Originally brought to the Hudson Valley of New York by settlers from the Netherlands, this word is among the Dutch vocabulary that has survived there from colonial times until the present. Stoop, "a small porch", comes from Dutch stoep; (meaning: sidewalk) the word is now in general use in the Northeastern United States and is probably spreading.
Traditionally, the function of stoops in New York City was to provide formal access from the street to the principal or parlor floor, where the private living quarters in a single-family residence began. Both the parlor and dining room were on this floor. The kitchen and other service offices were in the basement, which had its own entrance on the street, usually a few steps below grade, and an interior staircase connected the basement with the parlor floor.
This arrangement was well suited to the single-family row houses that dominated New York until the end of the 19th century. Family and guests, by using the stoop, avoided tromping through the service section of the house. Deliveries of foodstuff and other supplies were made at the basement entrance, ensuring the privacy and order of the living quarters above.
In his book New York City: An Outsider's Inside View, author Mario Maffi suggests that originally New York stoops may have been a simple carry-over from the Dutch practice of constructing elevated buildings.
Stoop ... describe(s) the high entrance steps that almost give the old New York houses the appearance of small castles. In the ghetto neighborhoods especially, stoops served many different functions: projected outward into the great theater of the street, these elevated platforms were ideal for observation, courting, a chat, or gossip... The first builders in the city brought with them their customs of erecting buildings that were elevated (as protection against the havoc wreaked by North Sea floods) and flush to the street (to make up for the lack of space in a canal-dominated city like Amsterdam). The early village of New York thus assumed an identity that, three centuries later, it still retains --- and charmingly so along certain streets and in certain neighborhoods.
— Mario Maffi, New York City: An Outsider's Inside View
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Traditionally, in North American cities, the stoop served an important function as a spot for brief, incidental social encounters. Homemakers, children, and other household members would sit on the stoop outside their home to relax, and greet neighbors passing by. Similarly, while on an errand, one would stop and converse with neighbors sitting on their stoops. Within an urban community, stoop conversations helped to disseminate gossip and reaffirm casual relationships. Similarly, it was the place that children would congregate to play stoop ball. Urbanites lacking yards often hold stoop sales instead of yard sales.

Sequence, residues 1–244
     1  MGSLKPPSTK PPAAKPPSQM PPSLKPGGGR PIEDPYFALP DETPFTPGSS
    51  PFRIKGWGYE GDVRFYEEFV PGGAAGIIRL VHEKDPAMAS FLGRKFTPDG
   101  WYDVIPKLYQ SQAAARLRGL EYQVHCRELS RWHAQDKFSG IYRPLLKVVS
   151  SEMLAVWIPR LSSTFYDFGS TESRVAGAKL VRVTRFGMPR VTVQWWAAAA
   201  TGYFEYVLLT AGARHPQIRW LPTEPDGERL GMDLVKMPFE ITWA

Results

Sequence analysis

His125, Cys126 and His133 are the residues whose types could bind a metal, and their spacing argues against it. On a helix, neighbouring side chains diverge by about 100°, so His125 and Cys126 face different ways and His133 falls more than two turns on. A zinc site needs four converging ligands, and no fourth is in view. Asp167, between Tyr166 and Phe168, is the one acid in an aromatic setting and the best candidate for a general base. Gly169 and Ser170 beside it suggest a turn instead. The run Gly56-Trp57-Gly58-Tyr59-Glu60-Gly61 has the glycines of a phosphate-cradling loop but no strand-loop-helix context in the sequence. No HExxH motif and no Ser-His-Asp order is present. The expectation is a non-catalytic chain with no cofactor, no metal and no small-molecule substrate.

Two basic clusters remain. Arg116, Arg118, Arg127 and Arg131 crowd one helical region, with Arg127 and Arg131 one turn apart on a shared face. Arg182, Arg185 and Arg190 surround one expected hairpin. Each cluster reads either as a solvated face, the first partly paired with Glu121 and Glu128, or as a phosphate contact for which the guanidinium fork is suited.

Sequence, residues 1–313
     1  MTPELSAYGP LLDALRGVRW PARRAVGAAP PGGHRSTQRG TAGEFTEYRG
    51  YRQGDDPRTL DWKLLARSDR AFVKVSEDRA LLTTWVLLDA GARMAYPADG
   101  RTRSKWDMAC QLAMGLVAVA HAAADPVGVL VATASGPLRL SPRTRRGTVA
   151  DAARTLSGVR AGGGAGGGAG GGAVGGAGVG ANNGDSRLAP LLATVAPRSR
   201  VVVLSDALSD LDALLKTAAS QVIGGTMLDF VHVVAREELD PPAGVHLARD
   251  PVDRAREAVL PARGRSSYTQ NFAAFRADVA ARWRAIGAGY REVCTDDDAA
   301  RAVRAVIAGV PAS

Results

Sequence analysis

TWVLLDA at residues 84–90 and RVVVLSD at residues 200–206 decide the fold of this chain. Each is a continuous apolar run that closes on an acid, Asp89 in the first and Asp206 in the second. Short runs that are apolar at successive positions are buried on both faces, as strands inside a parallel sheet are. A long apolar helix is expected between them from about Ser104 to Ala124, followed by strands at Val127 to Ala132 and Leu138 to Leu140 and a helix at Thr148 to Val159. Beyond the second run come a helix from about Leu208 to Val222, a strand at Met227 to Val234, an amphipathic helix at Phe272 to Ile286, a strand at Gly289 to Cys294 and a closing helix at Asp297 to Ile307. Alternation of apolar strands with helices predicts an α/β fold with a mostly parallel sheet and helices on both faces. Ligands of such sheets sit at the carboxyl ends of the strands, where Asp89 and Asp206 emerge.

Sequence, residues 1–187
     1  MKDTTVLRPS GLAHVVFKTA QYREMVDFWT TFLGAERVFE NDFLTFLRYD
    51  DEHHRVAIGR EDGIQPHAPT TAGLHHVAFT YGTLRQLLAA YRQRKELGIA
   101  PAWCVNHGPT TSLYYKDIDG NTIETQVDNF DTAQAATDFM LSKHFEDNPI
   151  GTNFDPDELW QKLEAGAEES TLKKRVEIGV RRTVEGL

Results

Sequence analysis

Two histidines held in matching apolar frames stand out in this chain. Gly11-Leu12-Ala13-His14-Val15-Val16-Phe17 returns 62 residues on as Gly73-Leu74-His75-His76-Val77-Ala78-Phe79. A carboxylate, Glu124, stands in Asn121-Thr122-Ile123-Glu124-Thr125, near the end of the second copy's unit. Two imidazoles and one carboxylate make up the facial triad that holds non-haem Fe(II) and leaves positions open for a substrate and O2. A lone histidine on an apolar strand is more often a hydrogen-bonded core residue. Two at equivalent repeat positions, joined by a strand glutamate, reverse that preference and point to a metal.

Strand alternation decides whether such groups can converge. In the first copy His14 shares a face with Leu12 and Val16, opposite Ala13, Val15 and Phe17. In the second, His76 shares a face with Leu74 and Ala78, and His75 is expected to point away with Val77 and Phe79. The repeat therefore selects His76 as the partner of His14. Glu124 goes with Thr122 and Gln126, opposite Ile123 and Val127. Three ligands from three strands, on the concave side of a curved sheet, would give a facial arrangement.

In her pivotal book The Death and Life of Great American Cities, Jane Jacobs includes the stoop as part of her model of the self-regulating urban street. By providing a constant human presence watching the street, institutions such as stoops prevent street crime, without intervention from authority figures. In addition, they motivate better street maintenance and beautification, by giving it social as well as utilitarian value.
- A famous shot in the Francis Ford Coppola film The Godfather Part II, shows Vito Corleone sitting on the stoop of his Little Italy apartment with his family.
- Virtually all of the action in Elmer Rice's Street Scene (play) takes place on or in the immediate vicinity of the front stoop of the apartment building where the play is set. This feature of the play was retained when it was adapted into an opera by Rice, Kurt Weill, and Langston Hughes.
- The movie "Do The Right Thing" by Spike Lee, aptly captures the complex interplay of urban dynamics that occur on stoops. The script mentions stoops more than 40 times.
- The American animated television series, "Hey Arnold!", aired the episode, "Stoop Kid", which focused on a troubled kid in the neighborhood who's afraid to leave his stoop, but is helped by the protagonist of the show, Arnold, to overcome his fear of leaving his stoop.
- Kellerman, Regina M. (11 February 1982). "More on the Stoop". NY Times. Retrieved 2008-01-21.
- New York City
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- Jane Jacobs, The Death and Life of Great American Cities, New York: Random House, 1961
- Mario Maffi, New York City: An Outsider's Inside View, Columbus: Ohio State University Press, 2004